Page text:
The way to raise kids who turn out right is by partnering with the grace of God in life. Imprint a deep love for God, .and make that impression last by walking your own life in the place of the redeemed of God.
Grace always redeems. Rules may clamp and bind, but love always, always liberates.
So I sat both down – the prey and the predator, the sinner and the one about to sin. On that same lush carpet, we’re all on equal ground, every child has a sin of their own.
I handed him the brochures I had collected. Looking at floors and picking your choice seem like art – a whole world on a blank canvas.
React to a child in anger and you lose the opportunity to influence and instil virtues. I’m learning that character is bred and this is my season of sowing, my careful planting, my deliberate watering.
The day saw the unravelling of more ugliness from our hearts. Those defiant choices to misbehave, those calculated decisions to disobey. And with that, the heart breaking consequences Mum and Dad had to deliver. I swat with my words and I stared down with my eyes.
How do i tell him that everyday he gets to make choices? Everyday we get to choose, and every moment our moment of decision.
We can all choose to be led by the good or lose control to the impulse of our own sinful flesh. That we all get to choose what we want to do, but there’s no escaping from the consequences they carry.
I am the womb that birthed him life and I want to be the mouth that gives him faith.
Words that condemn are sketched forever, but words that convict can eternally life-give.
So when the night got darker and his heart got harder and the tears got stronger, I asked him — I asked me, these three questions, “Why did you do that? Why is it wrong? How can you make it right?”.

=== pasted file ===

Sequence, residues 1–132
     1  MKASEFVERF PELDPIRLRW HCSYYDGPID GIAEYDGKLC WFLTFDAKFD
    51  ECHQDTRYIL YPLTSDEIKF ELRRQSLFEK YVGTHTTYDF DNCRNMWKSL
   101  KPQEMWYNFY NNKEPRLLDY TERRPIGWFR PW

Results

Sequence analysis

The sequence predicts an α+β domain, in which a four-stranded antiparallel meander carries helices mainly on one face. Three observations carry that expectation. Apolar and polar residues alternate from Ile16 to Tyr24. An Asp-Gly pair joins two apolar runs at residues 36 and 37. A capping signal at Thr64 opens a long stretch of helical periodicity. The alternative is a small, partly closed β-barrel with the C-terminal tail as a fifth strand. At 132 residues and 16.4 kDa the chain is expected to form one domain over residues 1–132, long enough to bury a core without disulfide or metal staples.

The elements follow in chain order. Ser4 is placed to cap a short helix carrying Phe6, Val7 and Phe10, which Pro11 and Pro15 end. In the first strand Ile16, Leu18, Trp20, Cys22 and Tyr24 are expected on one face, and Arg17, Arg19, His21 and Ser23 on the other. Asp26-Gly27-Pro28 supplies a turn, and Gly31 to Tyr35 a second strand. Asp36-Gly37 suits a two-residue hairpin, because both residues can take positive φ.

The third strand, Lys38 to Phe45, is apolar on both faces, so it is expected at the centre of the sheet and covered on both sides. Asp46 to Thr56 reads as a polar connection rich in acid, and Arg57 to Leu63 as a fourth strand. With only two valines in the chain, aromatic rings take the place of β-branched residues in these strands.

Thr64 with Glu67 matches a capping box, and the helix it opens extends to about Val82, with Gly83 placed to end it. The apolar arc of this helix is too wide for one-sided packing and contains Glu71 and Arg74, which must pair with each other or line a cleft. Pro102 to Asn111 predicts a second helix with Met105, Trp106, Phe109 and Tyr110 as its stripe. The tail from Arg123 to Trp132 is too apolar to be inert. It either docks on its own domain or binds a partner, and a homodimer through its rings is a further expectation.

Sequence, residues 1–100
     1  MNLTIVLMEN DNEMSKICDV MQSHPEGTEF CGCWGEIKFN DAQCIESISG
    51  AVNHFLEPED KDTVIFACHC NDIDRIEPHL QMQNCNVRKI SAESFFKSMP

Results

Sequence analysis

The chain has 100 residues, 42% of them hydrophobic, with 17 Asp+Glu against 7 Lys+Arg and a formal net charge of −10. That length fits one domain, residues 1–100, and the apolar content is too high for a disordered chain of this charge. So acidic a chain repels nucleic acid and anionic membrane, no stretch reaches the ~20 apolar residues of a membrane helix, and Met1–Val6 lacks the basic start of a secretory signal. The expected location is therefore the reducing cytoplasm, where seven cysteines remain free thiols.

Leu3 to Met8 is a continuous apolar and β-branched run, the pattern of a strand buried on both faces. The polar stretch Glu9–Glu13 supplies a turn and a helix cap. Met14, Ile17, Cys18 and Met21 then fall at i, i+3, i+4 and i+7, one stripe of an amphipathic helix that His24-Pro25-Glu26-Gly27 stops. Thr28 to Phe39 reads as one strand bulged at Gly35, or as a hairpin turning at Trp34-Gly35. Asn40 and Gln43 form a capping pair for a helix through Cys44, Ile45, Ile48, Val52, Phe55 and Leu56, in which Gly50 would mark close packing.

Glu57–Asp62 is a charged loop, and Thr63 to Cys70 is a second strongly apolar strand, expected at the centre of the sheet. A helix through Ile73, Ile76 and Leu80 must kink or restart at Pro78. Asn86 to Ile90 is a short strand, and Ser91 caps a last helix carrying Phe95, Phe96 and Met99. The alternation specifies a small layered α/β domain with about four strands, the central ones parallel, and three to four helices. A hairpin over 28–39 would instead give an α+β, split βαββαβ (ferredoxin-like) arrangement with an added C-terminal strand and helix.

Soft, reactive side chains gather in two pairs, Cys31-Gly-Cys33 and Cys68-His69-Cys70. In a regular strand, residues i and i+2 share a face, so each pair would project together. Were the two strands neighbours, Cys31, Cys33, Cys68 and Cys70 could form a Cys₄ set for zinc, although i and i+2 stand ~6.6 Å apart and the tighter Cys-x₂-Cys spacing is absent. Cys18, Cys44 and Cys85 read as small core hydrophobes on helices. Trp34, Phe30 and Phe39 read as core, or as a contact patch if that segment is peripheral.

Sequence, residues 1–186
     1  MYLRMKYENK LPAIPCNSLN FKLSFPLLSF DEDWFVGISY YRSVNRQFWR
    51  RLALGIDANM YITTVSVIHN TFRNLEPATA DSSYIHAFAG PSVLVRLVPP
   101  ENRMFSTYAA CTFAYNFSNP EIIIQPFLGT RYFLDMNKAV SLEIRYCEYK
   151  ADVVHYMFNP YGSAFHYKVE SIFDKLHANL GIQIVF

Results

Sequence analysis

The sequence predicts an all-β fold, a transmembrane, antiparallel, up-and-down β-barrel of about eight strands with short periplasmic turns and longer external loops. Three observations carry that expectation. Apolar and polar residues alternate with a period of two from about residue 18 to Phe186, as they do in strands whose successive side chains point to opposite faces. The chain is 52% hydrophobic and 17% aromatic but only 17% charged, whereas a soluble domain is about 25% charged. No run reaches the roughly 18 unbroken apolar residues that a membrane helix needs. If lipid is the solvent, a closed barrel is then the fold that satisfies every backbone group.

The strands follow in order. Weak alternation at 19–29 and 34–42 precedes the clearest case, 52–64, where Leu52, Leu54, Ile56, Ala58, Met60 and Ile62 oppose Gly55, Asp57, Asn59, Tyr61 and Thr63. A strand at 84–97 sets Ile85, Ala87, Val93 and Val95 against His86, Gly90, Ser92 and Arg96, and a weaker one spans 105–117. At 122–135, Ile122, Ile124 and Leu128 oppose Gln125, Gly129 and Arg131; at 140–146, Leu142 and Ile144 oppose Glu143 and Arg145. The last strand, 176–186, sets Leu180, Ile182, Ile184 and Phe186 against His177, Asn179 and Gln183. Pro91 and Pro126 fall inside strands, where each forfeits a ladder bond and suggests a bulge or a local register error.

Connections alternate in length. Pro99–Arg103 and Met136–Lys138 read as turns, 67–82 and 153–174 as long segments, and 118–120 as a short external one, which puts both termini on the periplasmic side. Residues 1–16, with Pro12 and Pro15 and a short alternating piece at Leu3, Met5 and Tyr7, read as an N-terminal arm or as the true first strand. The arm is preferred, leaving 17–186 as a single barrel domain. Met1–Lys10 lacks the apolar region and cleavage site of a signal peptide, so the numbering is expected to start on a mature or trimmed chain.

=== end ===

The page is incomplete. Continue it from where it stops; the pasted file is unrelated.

All the time praying feverishly for Gospel light to break in.
I got down on my knees, looked into his eyes…into the darkness of the heart’s abysses and know that my only hope was for a heart transplant, a mind metamorphosis.
Slowly, he looked up to me. Haltingly, came his simple confession. “I couldn’t help it Mum, I didn’t have self control.” Words unabridged, unedited, but ringing victory songs in my ears.
Glassy eyed, I sensed his brokenness. Admitting his own inability, I knew Gospel grace was making its entrance.
Through the tears streaming down his face, I looked deep into his eyes and asked if he wanted to know where help comes from. Sitting him on my lap, I whispered, “…your help’s from above…”. I put two fingers in the shape of the Cross and placed them on his palm. ” This is your hope…our hope.”
It is only the grace of God which saves. Grace making sense only when sin’s gravity is felt .
But the grace that saves is also the grace that transforms. And it is in this atmosphere of grace that sinners can be turned into saints.
And this is purely the work of God — complete transformation through the work of Christ on the Cross. True change where behavioural modification fall short.
The night felt like the lifting of a shroudy veil. I saw him worshipping in his own little way at Church the next day. The burden of what he ought to be, in his own little strength falling off his shoulders. And the pressure to produce the perfect child lifting off my own shoulders. Grace flooding in like a flood of lights. I stand next to my little man with my own little waltz. Our feet feel like we’re standing on the strongest footing ever.